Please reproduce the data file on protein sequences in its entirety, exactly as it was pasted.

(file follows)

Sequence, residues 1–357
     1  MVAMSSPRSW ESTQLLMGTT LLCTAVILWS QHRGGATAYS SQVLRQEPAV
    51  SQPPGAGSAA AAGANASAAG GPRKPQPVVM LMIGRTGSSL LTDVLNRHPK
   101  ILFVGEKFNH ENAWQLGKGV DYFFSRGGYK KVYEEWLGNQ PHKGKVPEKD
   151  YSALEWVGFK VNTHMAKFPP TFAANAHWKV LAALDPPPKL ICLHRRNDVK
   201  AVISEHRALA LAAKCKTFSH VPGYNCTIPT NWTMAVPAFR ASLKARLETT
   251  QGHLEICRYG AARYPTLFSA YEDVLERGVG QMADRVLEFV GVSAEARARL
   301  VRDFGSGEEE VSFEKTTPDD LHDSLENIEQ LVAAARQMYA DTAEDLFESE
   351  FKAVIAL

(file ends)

Sequence, residues 1–357
     1  MVAMSSPRSW ESTQLLMGTT LLCTAVILWS QHRGGATAYS SQVLRQEPAV
    51  SQPPGAGSAA AAGANASAAG GPRKPQPVVM LMIGRTGSSL LTDVLNRHPK
   101  ILFVGEKFNH ENAWQLGKGV DYFFSRGGYK KVYEEWLGNQ PHKGKVPEKD
   151  YSALEWVGFK VNTHMAKFPP TFAANAHWKV LAALDPPPKL ICLHRRNDVK
   201  AVISEHRALA LAAKCKTFSH VPGYNCTIPT NWTMAVPAFR ASLKARLETT
   251  QGHLEICRYG AARYPTLFSA YEDVLERGVG QMADRVLEFV GVSAEARARL
   301  VRDFGSGEEE VSFEKTTPDD LHDSLENIEQ LVAAARQMYA DTAEDLFESE
   351  FKAVIAL